In the period from roughly 2015 until today, the focus on AI "ethics" centered on two issues:
- Will AI cause the extinction of human civilization, if not human existence entirely?
- Will the application of AI only exacerbate the problems of bias, discrimination, division, and unfairness, via automated “black box” systems?
AI technology has proceeded so quickly that it's time to review these concerns in light of what we know today. The first, while still a long-term concern, is less pressing than the second, but it has morphed into a broader issue:
- We learned that lecturing organizations about ethics has only limited effect in convincing people to be more ethical in their AI work, especially the organizations that invent new technology and applications in AI.
- We also learned that focusing on risk instead of ethics is a more powerful and effective method to motivate organizations to use AI for good, not evil.
Countries within the Group of Seven political forum have signed a declaration agreeing on the need for "risk-based" AI regulations. Top technology officials from Britain, Canada, the EU, France, Germany, Italy, Japan and the United States signed the joint statement to establish parameters for how major countries govern the technology. Most notably, the G7, NIST, and the FTC have all released bold statements about the risk to organizations. As per the G7 statement:
We also reassert that AI policies and regulations should be risk-based and forward-looking to preserve an open and enabling environment for AI development and deployment that maximizes the benefit of the technology for people and the planet while mitigating its risks.
While earlier releases of proposed principles and guidelines focused primarily on the danger of disenfranchisement of "marginalized" populations, they were effectively "all carrot, no stick." Today, we see even the Federal Trade Commission (FTC) aggressively pursuing a policy of using their existing power and statutes. In Aiming for truth, fairness, and equity in your company's use of AI, Elisa Jillson of the FTC, in an atypical fashion, put U.S. organizations on notice that the FTC would use its various powers to investigate AI abuses, and presumably take action: "Hold yourself accountable - or be ready for the FTC to do it for you."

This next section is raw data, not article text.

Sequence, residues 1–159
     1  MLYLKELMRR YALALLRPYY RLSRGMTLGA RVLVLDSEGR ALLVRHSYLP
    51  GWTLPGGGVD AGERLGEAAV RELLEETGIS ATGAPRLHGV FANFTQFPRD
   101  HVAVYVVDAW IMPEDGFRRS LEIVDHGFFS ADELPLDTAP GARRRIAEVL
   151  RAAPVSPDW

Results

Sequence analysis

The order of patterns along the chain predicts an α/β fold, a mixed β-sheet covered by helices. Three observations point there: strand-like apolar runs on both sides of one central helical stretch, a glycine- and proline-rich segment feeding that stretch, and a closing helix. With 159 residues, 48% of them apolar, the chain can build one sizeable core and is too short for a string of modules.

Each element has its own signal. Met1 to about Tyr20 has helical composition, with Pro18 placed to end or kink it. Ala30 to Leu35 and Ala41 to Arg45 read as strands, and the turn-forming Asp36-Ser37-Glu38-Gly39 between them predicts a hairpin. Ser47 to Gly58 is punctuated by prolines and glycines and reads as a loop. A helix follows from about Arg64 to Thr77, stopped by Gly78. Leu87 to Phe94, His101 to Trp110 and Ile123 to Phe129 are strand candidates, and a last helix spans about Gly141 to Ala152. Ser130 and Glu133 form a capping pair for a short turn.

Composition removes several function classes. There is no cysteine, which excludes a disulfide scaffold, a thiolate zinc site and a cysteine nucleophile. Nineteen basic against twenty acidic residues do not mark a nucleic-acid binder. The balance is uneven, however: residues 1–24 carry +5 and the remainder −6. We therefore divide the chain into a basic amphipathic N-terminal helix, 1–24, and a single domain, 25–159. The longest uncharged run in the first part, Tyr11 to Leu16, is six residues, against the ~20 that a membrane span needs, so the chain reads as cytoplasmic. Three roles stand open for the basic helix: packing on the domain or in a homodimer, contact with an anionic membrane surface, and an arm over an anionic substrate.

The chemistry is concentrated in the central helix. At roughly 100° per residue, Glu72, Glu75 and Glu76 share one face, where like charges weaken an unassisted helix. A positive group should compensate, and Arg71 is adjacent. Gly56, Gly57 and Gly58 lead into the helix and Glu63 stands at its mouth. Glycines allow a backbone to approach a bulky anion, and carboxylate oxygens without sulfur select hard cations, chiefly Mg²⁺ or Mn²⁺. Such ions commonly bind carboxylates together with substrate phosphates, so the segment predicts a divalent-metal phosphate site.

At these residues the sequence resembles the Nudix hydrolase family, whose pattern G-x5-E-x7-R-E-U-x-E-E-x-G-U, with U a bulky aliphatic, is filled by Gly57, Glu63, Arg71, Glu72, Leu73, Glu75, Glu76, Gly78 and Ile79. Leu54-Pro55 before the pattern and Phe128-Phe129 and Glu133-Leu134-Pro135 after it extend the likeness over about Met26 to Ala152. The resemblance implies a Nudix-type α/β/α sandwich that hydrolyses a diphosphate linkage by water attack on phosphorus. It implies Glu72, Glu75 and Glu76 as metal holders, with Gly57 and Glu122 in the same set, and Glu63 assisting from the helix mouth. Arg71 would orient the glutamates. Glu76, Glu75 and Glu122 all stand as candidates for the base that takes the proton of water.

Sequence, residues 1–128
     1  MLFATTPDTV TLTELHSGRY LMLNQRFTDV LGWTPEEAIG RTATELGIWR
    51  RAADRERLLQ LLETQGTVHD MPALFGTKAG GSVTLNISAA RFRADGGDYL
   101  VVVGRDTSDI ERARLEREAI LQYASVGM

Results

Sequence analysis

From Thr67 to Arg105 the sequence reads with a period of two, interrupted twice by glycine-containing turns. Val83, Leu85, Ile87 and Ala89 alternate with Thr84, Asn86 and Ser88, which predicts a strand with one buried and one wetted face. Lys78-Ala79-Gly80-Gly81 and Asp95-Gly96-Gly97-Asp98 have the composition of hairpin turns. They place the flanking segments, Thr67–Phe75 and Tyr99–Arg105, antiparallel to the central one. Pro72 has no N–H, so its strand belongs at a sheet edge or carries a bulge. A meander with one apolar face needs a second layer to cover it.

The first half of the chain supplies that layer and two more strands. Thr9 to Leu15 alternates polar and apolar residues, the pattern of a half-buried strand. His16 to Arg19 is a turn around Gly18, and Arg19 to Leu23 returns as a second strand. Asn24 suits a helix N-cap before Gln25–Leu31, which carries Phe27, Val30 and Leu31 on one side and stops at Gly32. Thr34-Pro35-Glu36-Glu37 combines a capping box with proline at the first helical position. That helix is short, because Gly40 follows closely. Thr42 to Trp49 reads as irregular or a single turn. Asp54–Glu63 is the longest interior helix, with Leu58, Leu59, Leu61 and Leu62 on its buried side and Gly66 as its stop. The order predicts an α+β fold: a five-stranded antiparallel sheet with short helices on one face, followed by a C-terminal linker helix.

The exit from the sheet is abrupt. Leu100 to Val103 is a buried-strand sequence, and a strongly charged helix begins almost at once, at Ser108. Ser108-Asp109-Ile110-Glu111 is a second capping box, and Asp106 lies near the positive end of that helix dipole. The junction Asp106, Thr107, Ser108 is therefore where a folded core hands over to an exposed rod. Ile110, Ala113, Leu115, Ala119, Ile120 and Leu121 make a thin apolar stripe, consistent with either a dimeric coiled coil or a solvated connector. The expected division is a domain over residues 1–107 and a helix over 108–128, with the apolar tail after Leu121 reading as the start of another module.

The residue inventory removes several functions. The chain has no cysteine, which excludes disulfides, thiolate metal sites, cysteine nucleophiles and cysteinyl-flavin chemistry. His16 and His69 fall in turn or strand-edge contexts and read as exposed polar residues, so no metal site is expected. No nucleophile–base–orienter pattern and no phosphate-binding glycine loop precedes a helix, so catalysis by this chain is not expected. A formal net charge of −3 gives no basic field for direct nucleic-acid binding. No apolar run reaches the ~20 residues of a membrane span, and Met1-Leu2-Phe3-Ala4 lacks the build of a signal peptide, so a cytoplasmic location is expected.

It is encouraging to see the FTC take steps to make companies accountable for AI abuses.
The NIST (National Institute of Standards and Technology) AI RMF (Risk Management Framework) is a set of high-level voluntary guidelines and recommendations that organizations can follow to assess and manage risks stemming from using AI (the framework is still under development; NIST has posted the latest iterations. It is not a statute, regulation or law.
The AI RMF aims to support organizations of all sizes to "prevent, detect, mitigate and manage AI risks." It is intended for any organization developing, commissioning or deploying AI systems and is designed to be non-prescriptive, industry and use-case agnostic.
While the NIST AI RMF can prioritize risk, it does not prescribe risk tolerance. Risk tolerance refers to the organization's or AI actor's readiness to bear the risk to achieve its objectives. Risk tolerance and the risk acceptable to organizations or society are highly contextual, application, and use-case specific. Risk tolerances can be influenced by policies and norms established by AI system owners, organizations, industries, communities, or policymakers. Risk tolerances will change as AI systems, policies, and standards evolve.
Organizations may have varied risk tolerances due to their organizational priorities and resource considerations. Emerging knowledge and methods to better inform harm/cost-benefit tradeoffs will continue to be developed and debated by businesses, governments, academia, and civil society. To the extent that challenges for specifying AI risk tolerances still need to be solved, there may be contexts where a risk management framework still needs to be readily applicable for mitigating adverse AI risks. The NIST Framework is intended to be flexible and augment existing risk practices that align with applicable laws, regulations, and norms.